Just to clear things up, Facebook declared this week, we will not be eavesdropping NSA-style when we listen in on your TV and music.
Two weeks ago, Facebook proposed to Android and iOS users in the US that it would like to recognise and post news feed updates about the TV shows and movies we're watching and the songs we're listening to.
As it said at the time, the new feature would be off by default, only slurping up background sound if a user gives it the go-ahead.
With your say-so, the audio feature will then grind through its recognition machinery to identify the song, movie or TV show you're listening to.
When it initially announced the eavesdroppish new service, Facebook didn't say anything about listening in on background noise, including private conversations.
But this week, Facebook's security head honcho, Gregg Stefancik, filled in that gap.
Stefancik, head of security infrastructure for the very-data-rich, o-so-good-at-data-mining social network, explicitly told journalists that the new audio feature does not snoop on users and does not record conversations.
The Guardian quoted him as he addressed journalists during a trip to Australia:
The microphone doesn't turn itself on. It will ask for permission. It's not always listening... so it's very limited in what it is sampling.
Similar to other audio-recognition apps, like Soundhound or Shazam, Facebook's new feature will create an “audio fingerprint” of the background sounds as a user types a status update.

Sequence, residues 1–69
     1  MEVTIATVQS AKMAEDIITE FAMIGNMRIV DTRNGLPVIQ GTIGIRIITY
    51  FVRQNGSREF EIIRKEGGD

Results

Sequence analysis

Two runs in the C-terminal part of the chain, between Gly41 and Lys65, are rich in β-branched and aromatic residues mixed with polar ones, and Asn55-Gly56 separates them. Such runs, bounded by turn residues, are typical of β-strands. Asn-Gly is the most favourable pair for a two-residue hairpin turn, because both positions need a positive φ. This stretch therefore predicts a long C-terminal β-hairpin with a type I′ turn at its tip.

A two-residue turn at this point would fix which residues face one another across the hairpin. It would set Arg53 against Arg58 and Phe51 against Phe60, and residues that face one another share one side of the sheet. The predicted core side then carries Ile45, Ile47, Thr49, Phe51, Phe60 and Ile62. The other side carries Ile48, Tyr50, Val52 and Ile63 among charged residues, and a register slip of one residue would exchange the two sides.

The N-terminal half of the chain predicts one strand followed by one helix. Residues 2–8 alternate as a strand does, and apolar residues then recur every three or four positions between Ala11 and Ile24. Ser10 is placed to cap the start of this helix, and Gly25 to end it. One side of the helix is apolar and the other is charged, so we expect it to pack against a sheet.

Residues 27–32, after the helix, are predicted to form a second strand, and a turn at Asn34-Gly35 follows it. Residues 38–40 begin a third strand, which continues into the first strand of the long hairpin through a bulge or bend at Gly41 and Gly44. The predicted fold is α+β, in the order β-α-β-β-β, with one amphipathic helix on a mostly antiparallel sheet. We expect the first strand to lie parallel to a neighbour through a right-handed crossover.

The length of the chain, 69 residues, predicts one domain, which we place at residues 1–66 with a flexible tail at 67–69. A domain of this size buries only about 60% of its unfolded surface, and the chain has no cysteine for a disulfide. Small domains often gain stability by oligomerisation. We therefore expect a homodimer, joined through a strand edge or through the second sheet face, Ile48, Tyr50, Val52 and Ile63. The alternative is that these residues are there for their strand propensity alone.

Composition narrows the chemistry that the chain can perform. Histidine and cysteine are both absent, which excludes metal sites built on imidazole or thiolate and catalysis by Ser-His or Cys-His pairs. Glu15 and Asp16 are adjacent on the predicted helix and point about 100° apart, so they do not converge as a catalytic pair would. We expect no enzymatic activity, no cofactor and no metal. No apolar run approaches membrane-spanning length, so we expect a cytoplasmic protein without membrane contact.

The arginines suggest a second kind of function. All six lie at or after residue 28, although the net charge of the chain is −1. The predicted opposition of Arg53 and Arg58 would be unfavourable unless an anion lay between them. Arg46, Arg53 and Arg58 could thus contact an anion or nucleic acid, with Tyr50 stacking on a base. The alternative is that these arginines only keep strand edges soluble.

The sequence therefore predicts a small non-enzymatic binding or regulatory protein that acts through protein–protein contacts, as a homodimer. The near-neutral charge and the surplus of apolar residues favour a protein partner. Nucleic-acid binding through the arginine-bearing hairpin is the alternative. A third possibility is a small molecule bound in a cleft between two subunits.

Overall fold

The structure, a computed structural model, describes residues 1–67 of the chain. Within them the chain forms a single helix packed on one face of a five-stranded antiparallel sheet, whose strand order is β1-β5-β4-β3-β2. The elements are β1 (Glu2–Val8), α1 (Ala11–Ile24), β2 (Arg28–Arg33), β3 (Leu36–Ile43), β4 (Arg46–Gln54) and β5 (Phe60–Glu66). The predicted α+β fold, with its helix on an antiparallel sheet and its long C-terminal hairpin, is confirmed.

Then, it compares the audio fingerprint with Facebook’s database of music and television shows, which reportedly contains millions of recorded songs and shows currently broadcasting on over 150 channels.
If it makes a match, Facebook will notify a user and give him or her the option of adding the song or programme to a status post.
The raw audio never leaves the phone, Stefancik said, while the data about the match is only stored if a user opts to post it:
The user is in complete control and the audio fingerprint that we've received is disposed of immediately.
The app can't identify background noise and conversation before the feature is enabled.
After all, that would be kind of stalker-ish, Stefancik said:
I wouldn't want this in my pocket either if it was recording everything going on around me.
Ditto. Neither would we!